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Ty Warner’s tax evasion sentence little more than a hill of beans: Brown

H. Ty Warner billionaire who created Beanie Babies arrives federal court for sentencing Tuesday Jan. 14 2014 Chicago. Last year

H. Ty Warner, the billionaire who created Beanie Babies, arrives at federal court for sentencing on Tuesday, Jan. 14, 2014, in Chicago. Last year Warner pleaded guilty to one count of tax evasion for hiding $25 million in income in secret Swiss bank accounts. (AP Photo/Andrew A. Nelles)

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Updated: February 16, 2014 6:40AM



Somewhere in my attic is a big plastic bin full of Beanie Babies, and if memory serves, maybe a dresser drawer full as well.

They aren’t preserved as collector items, just childhood castoffs from a couple of now full-grown kids whose parents aren’t ready to part with the past.

I don’t begrudge Ty Warner for becoming a billionaire by suckering folks like me into spoiling our children with a never-ending supply of the damn things. That’s the American way.

But it sure makes me mad when he hides his profits from those sales in a Swiss bank to avoid paying taxes, and then when he finally gets caught, manages to walk away by writing a big check to the federal government.

Unfortunately, that’s become the American way, too.

On Tuesday, U.S. District Judge Charles Kocoras sentenced Warner to two years probation and 500 hours of community service for tax evasion.

Previously, Warner had agreed to pay a $53 million civil penalty plus $27 million in back taxes and interest, which doesn’t even exhaust the $121 million he still has stashed in Switzerland.

Noting Warner’s charitable ways, Kocoras declared: “Society will be best served by allowing him to continue to do his good works.”

I’d argue society would have been much better served if Warner and every other big-time tax cheat hiding their money in offshore bank accounts got a taste of a short prison term.

I’m sure the 69-year-old Warner could have authorized somebody to write his checks to charity even while he was indisposed for, let’s say, six months.

Instead, to fulfill his community service, Kocoras ordered Warner to work with three Chicago schools where the billionaire says he can organize a curriculum to teach students how to manufacture and sell a product such as a school mascot modeled after his Beanie Baby success.

That’s cool, and maybe on the side, he could help them put on a school play.

I’d recommend the 1959 musical, “Never Steal Anything Small,” starring Jimmy Cagney.

These are my favorite lyrics:

“Steal $100 and they put you in stir;

Steal $100 million they address you as sir.”

The lesson to tax cheats in the U.S. is clear: Go big or stay home.

If you can squirrel away millions off-shore, the IRS is generally going to be willing to cut you a deal even if they catch you. And if for some reason they aren’t willing, as in the Warner case, there’s likely a federal judge who will let you skate anyway.

It makes a fellow wonder if Al Capone were operating today whether the government would have been able to bring him down on tax evasion charges again — as long as he was smart enough to hide his money offshore.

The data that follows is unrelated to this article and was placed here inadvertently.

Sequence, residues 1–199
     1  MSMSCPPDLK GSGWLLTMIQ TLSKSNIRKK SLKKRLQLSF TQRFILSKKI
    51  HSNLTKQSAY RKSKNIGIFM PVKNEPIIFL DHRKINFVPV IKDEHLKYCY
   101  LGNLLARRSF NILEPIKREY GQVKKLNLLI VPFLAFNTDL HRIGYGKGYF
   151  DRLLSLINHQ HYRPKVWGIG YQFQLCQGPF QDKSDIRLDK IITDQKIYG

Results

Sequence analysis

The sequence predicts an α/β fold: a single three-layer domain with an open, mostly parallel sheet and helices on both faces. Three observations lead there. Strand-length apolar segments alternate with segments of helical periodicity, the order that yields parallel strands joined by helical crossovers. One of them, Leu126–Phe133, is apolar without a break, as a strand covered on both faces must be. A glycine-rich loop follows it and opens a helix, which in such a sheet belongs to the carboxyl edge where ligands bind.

No, I’m not comparing Ty Warner to Al Capone, but I’ve just never understood how hiding money outside the country and lying about it on your tax returns was allowed to become an acceptable business practice.

As Warner’s lawyers made clear to the judge, it’s not as if his sentence of probation was out of the ordinary. In fact, it’s quite rare for individuals caught hiding money in offshore accounts to be sent to prison.

According to data they compiled, more than 100 individuals have been charged in the past five years under a Department of Justice program to pursue tax offenders who concealed funds in offshore accounts. Of the 47 defendants who have been sentenced so far, nearly two-thirds received probation, the lawyers said.

One of the stiffest punishments meted out was the year and a day sentence handed down in July against Skokie’s Peter Troost, a maker of cemetery markers, who only hid a fraction of the money that Warner did.

Warner and Troost were both caught when the bank UBS turned over the names of 285 Americans it had helped hide money from the IRS.

It’s now clear that most of those individuals will never even be charged, Warner’s lawyers said. And then there are tens of thousands of other individuals who were given amnesty after being admitted into IRS voluntary disclosure programs.

Warner wanted amnesty, too, but the IRS told him it was too late because they already had his name from UBS.

One of the parts I find interesting is that federal prosecutors say they don’t know the source of the money Warner put into the UBS account he opened 1996, and therefore can’t tell whether it was pre-tax income that he’d skimmed from his company, which would mean he owed even more in taxes.

Now that the federal judges for the Northern District of Illinois are getting serious about meting out stiff punishment for our crooked politicians, maybe somebody could write a memo on getting tough with the tax cheats as well.



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